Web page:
There's a mystery like something out of the TV crime series CSI unraveling in a courtroom in Tulsa, Okla. Only this one entails contaminated water, poultry farms, hundreds of thousands of tons of chicken manure and the testimony of a University of South Florida biologist.
Oklahoma Attorney General Drew Edmondson claims that eight big chicken producers, including giant Tyson Foods Inc., are polluting waterways and endangering the public's health by spreading chicken litter in a watershed that straddles the state's border with Arkansas.
The poultry companies say there's no proof anybody is getting sick, chicken manure is far cheaper than commercial fertilizer and the fecal bacteria in Oklahoma's waterways could be coming from any number of sources.
Countering the last argument is Valerie Harwood, an associate professor at the University of South Florida in Tampa, who is acting as a consultant to Oklahoma's attorneys. Collaborating with a lab in Idaho, she developed a bacterial biomarker specific to poultry litter that is being entered as evidence for the first time in court.
In a hearing in late February, Harwood testified that this biomarker shows bacteria-laden manure from chickens has leached from farmers' hay fields into ditches, wells and waterways in Oklahoma.
"My opinion is that the land application of poultry waste is a major contributor to bacteria levels in the Illinois River Watershed," she said during the hearing on whether such use should be stopped.
Harwood's claim triggered intense questioning by Jay Jorgensen, an attorney for Tyson — at $27-billion in annual revenues, a company as large as any in Florida — which accounts for about 50 percent of the 1,800 poultry houses in the watershed.
Jorgensen noted that earlier attempts at bacterial source tracking had high error rates. He criticized Harwood's new poultry litter biomarker, calling it untested and unreliable.
"Does this judge want to be the first one to accept it?" Jorgensen asked recently, saying Harwood's claim is "absolutely essential" to the state's case. "Without it, there's no link that shows the bacteria found in the water is from poultry and not from the huge number of cattle, deer and humans in the same area."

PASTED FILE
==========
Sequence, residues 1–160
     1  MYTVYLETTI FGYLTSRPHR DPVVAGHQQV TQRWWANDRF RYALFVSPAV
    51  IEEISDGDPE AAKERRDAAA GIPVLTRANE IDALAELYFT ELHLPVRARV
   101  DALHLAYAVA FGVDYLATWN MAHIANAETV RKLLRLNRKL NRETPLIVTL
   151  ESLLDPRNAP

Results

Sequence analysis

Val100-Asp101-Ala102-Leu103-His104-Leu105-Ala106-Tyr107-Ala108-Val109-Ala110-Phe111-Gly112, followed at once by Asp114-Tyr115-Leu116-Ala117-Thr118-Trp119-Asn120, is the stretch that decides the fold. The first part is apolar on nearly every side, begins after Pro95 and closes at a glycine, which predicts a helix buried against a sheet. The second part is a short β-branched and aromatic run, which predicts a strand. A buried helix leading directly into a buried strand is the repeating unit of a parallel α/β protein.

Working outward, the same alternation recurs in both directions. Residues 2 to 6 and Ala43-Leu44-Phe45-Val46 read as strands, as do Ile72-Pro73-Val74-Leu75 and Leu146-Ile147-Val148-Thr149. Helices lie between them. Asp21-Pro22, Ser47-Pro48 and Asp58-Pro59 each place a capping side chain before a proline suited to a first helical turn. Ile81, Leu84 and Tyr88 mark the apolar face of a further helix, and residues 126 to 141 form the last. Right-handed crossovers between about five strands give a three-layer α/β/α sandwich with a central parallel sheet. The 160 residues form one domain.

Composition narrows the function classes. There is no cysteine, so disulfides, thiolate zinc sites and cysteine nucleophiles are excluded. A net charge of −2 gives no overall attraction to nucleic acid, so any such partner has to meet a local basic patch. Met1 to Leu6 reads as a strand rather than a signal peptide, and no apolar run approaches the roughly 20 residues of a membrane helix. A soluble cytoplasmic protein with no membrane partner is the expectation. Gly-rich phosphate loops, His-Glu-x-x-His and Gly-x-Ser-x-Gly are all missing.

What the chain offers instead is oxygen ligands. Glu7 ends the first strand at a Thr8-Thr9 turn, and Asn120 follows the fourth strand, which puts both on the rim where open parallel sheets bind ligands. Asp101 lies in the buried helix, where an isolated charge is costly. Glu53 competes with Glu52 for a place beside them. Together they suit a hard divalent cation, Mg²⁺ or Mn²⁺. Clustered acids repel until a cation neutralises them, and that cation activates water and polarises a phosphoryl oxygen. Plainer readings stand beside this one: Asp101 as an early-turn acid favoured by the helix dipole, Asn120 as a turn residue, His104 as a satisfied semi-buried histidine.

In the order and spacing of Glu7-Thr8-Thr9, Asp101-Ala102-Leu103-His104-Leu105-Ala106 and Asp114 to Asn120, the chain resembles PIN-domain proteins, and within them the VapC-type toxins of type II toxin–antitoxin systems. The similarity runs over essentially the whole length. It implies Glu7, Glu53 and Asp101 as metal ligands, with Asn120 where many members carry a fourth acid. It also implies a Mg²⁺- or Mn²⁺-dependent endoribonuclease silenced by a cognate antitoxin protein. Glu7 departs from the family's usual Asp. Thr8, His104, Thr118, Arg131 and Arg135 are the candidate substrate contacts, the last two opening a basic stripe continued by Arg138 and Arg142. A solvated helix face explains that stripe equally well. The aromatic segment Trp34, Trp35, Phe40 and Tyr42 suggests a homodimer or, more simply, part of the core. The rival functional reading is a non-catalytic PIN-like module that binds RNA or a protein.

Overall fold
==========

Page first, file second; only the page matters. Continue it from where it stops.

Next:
Back in her lab at USF, Harwood reflected on her initial experience as an expert witness. Her dry data suddenly became kindling in the fight between an aggressive attorney general and powerful poultry interests in a neighboring state.
"You really put your reputation as a scientist on the line,'' said Harwood, whose consulting fees were $250 an hour, compared with $350 to $400 for scientists hired by the poultry industry. "I wouldn't do it unless I strongly believed that what I was saying was important and true."
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Harwood, who is 49 and favors well-worn sweaters, jeans and sneakers, is an unlikely linchpin in a high-stakes lawsuit. A native of upstate New York, she became involved in cutting-edge water-quality research almost by accident. After earning a bachelor's degree in French and realizing there were no jobs in the field, Harwood returned to the State University of New York at Plattsburgh. A professor opened her eyes to the invisible world of microbiology, leading to a second degree in biology.
"I realized there's so much cool stuff going on that you can't see," said Harwood, known to colleagues as Jody.
When marriage to a Navy guy meant relocation to Virginia, Harwood earned a doctorate in biomedical sciences from Old Dominion University and Eastern Virginia Medical School.
Finishing her dissertation in 1992, Harwood did postdoctoral work at the University of Maryland's Center for Marine Biotechnology in Baltimore. "I was studying organisms with great scientific interest, but no obvious public health benefit,'' she said.
That changed after she landed her first faculty job at the University of North Florida in 1995. As UNF's only microbiologist, she met students and local environmental groups working on water-quality issues.
"It was the combination of water, public health and ecology that really spoke to me," she said. She joined USF's faculty in 1998.
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A few days after Harwood's testimony in Tulsa, the judge told the state it faced an "uphill climb" persuading him to consider her research. Oklahoma's attorney general downplayed the importance of Harwood's testimony, saying the state had other evidence that the contamination came from chickens.
The hearing on the preliminary injunction is expected to end this week. The state is asking the judge to act before the start of spring planting and summertime use of the waterways. The opposition says chicken waste has been applied to fields in the watershed for 50 years and there is no emergency. A full trial is scheduled for 2009.
Harwood had only one comment on the legal squabble surrounding her research. "I wouldn't go in the Illinois River," she said.
Kris Hundley can be reached at email@example.com or (727) 892-2996.